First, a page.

Cover by Cody Lindley

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13.2. Navigating with a File-Tree Expander

Problem

On content-heavy sites with multiple tiers of information architecture, occasionally a need arises to present several levels of nested data. If all of the info was presented in its entirety, it would be too unwieldy to be useful and would take up too much vertical space on a page. Enter the file-tree paradigm. This functionality, seen most notably in the desktop UI of Windows Explorer (not to be confused with Internet Explorer), allows a user to expand and compact layers of directories.

Solution

By using jQuery’s descendant selectors on nested unordered lists, we can hide/show additional portions of a tree structure, as needed. This is done by adding class="tree" to the top-level unordered list and using a combination of CSS and JavaScript to unveil its sublevels, producing a tree like that in Figure 13-2. Additionally, we make use of event delegation to support numerous tiers without the overhead of attaching event listeners to multiple elements. Instead, the event is captured at the top level of the <ul class="tree"> via jQuery’s .live() method.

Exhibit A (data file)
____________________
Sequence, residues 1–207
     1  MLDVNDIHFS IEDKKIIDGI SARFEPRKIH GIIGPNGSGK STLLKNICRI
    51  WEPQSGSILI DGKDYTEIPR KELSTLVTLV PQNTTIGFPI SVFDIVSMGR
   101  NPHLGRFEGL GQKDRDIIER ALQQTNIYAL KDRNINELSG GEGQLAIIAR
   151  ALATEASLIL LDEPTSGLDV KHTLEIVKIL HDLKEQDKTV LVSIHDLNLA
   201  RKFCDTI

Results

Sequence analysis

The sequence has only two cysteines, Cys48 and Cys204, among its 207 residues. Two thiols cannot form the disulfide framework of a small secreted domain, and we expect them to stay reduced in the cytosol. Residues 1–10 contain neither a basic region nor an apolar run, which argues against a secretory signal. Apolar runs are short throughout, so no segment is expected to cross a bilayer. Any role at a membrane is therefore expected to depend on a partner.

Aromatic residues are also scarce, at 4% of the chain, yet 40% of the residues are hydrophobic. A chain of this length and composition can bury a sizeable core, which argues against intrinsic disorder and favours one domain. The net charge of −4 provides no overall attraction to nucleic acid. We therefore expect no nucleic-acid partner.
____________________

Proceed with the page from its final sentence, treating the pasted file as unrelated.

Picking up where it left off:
Presenting multiple levels of data through a file tree

Figure 13-2. Presenting multiple levels of data through a file tree

File tree—HTML code

<!DOCTYPE html PUBLIC "-//W3C//DTD XHTML 1.0 Transitional//EN" "http://www.w3.org/TR/xhtml1/DTD/xhtml1-transitional.dtd"> <html xmlns="http://www.w3.org/1999/xhtml" xml:lang="en-us" lang="en-us"> <head> <meta ...

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